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An Amalfi Coast adventure on two wheels

A narrow road in Italy calls for a scooter. Nothing else will do.

When a friend of my CouchSurfing host in Pompei offered to take me around the Amalfi Coast on his scooter, I was thrilled.

He called up the morning of our planned trip to tell me the weather didn’t look so good so we would go by car instead. Instantly, I was gutted.
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Take a hike! 5 unique treks in Europe

Travelling isn’t just about going to museums, learning new customs and eating different food. It can also be a chance to get out and enjoy the fresh air.

Hiking during a trip is a wonderful opportunity to get out of the city, off the trains and into the wilderness. With a decent pair of shoes, a waterproof raincoat and a bottle of water (and maybe a map and a phone), you’re off to the mountains.
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Getting dizzy at Sagrada Família in Barcelona

Spiral staircase at Gaudí’s Sagrada Família

Gaudí’s Sagrada Família in Barcelona is an ongoing project.

Begun in 1882, Gaudí made his plans mainly in his head and on the fly. When he died, no blueprints were left (some had been burned but most were non-existent), so architects taking on the massive project (projected to finish in 2026, 144 years after it was started) must try to imagine what Gaudí would have wanted.

The Sagrada Família feels like it’s just dripping with nature-inspired Gothic architecture. The columns supporting the church are meant to look like trees, the pointy spires become bowls with fruit and berries and the spiral staircases look like snail shells. The ceiling looks like the canopy of a forest and birds soar around the outside of the building.

Lacking any purely flat surfaces, there is a lot to admire in this church.

Visiting the enormous church mid-construction is certainly interesting, but if you head to the side entrance on Carrer Sardenya (just ask someone working), you can attend mass in either Catalan or Spanish. There are no English services.

While everyone is welcome (you won’t be turned away unless you’re inappropriately dressed), the service is intended for the local congregation. You might not understand any of it, but it’s a great (and free) way to see the inside of the church and get a lesson in Catalan or Spanish.

Check out the rest of my visit to Spain, including Barcelona, Girona and hiking in Montserrat with a day hitchhiking to Besalú, Castellfollit de la Roca and Olot.

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A giant, some geology and a myth

Basalt columns at Giant’s Causeway

Northern Ireland is steeped with geological history and ancient mythology. When visiting Giant’s Causeway, you can choose to believe either one.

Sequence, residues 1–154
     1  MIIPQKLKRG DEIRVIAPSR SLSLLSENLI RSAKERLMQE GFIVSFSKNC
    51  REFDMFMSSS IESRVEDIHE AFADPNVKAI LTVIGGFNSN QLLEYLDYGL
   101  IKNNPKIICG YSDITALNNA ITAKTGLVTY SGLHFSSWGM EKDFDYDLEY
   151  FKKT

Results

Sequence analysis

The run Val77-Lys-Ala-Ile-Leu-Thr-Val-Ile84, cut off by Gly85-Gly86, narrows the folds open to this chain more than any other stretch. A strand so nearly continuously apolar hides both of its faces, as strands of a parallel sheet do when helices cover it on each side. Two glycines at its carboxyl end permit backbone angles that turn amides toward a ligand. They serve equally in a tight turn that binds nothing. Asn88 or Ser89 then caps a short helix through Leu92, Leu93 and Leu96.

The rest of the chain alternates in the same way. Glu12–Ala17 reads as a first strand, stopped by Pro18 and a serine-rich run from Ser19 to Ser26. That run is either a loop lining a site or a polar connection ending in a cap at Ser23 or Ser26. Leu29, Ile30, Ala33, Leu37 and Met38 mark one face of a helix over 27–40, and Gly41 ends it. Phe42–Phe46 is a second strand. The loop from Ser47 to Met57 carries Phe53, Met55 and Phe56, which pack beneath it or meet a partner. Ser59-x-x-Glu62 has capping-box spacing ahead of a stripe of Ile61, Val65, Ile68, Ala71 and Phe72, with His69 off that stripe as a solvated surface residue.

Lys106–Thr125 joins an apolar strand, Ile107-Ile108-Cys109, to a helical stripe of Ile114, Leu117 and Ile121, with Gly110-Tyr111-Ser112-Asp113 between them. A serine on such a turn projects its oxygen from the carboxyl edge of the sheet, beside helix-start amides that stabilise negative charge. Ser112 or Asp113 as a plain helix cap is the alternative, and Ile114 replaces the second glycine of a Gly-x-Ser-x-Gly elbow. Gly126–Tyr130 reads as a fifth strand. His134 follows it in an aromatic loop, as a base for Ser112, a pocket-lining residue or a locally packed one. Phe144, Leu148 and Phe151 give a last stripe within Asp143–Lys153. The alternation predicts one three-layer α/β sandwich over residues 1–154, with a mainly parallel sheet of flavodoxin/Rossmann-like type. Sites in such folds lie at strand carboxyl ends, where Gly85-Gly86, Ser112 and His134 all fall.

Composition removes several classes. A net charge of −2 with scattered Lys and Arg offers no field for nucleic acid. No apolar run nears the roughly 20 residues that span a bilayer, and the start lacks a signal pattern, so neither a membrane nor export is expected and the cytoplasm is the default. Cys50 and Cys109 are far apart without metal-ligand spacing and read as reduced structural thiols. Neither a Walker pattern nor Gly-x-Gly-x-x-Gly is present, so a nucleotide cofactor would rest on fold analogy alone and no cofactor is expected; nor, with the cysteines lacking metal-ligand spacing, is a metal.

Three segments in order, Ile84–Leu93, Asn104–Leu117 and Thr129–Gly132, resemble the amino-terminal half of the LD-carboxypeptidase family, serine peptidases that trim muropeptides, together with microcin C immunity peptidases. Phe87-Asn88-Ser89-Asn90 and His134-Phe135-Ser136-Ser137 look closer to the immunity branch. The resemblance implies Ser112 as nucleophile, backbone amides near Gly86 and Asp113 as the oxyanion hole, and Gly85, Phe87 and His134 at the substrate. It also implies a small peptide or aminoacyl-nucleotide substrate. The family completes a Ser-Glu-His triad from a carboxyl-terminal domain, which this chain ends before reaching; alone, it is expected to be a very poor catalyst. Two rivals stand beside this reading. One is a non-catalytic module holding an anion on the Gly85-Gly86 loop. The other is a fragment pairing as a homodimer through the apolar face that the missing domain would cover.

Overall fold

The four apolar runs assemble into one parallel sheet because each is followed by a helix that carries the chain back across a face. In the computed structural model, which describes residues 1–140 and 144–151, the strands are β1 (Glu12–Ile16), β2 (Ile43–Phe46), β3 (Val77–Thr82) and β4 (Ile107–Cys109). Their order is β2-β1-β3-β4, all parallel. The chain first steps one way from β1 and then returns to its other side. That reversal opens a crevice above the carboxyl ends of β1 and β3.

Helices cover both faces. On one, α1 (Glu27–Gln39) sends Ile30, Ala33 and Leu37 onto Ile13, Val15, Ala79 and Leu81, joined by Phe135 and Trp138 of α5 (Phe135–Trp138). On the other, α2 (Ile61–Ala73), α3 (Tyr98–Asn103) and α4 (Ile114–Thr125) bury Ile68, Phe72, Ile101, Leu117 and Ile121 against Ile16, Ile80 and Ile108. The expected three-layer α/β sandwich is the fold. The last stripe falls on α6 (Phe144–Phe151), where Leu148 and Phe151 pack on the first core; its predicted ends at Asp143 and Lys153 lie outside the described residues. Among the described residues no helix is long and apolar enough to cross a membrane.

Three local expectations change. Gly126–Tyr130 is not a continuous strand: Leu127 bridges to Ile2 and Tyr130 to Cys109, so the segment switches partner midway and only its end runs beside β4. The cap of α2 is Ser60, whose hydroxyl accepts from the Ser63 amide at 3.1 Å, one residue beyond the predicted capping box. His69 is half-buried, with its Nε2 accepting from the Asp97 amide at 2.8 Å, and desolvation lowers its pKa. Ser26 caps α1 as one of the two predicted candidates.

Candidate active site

Geological history says that 50-60 thousand years ago, Country Antrim was at the centre of intense volcanic activity. Lava flowed from the eruptions and dried, cracked and adjusted, giving us the steps or pillars found at Giant’s Causeway.

You can find similar formations around the world, but they’re usually on a smaller scale. The size of the columns partially depends on how fast the lava cooled.

Ancient mythology tells us that the Irish warrior Finn MacCool was challenged by a Scottish giant.

When the giant crossed the bridge from Scotland, Finn has his wife dress him up as a baby.When the Scottish giant saw the size of the baby, he ran, fearing that the baby’s father, Finn, would be even larger. As he fled, he tore up the bridge so the enormous Finn MacCool couldn’t follow him to Scotland.

The remnants of the bridge have come to be known as Giant’s Causeway and similar basalt columns can be found in Scotland.

Check out more of my visit to Giant’s Causeway and my other Northern Irish adventures.

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London’s famous bell and bridge

Westminster Bridge, Houses of Parliament and Big Ben

There’s a lot more to the city than Big Ben, but this view is a classic – taken from western Golden Jubilee Bridge, one of the pair of pedestrian bridges with a train line between them. A much better view than from Westminster Bridge, in my opinion.

Interesting fact: ‘Big Ben’ is not the name of the clock nor the tower – just of the bell that chimes regularly. The tower was renamed ‘The Elizabeth Tower’ for the diamond jubilee of Queen Elizabeth II in 2012. It has been renamed before to honour Queen Victoria’s 60-year reign in 1860.

Check out my other posts about my previous trips to England and my relocation to London.

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Secrets of London’s Oyster Card

Planning a trip to London? Great! This post is for you.

Live in London and haven’t discovered all the perks of your Oyster Card yet? Read on.

London’s Oyster Card not only gets you around London but also offers secret 2-for-1 deals not prominently advertised and unique card designs you have to ask for specially.

Oyster Cards are more than just the travel card most people use them for. Even a Londoner can learn something here.
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Turkey: 3 sites beyond Istanbul worth visiting

Turkey is a beautiful country, but to those who haven’t been there before, I’ll tell you the secret: there’s a lot more to Turkey than Istanbul.

Outside the capital, there is an amazing amount to see and compared to busy Istanbul, it’s much calmer and relatively tourist-free.

The further east you go, the less European and the more Asian or Middle Eastern it starts to feel.

It’s a long bus ride from Istanbul to central Turkey, but the trip is well worth it!
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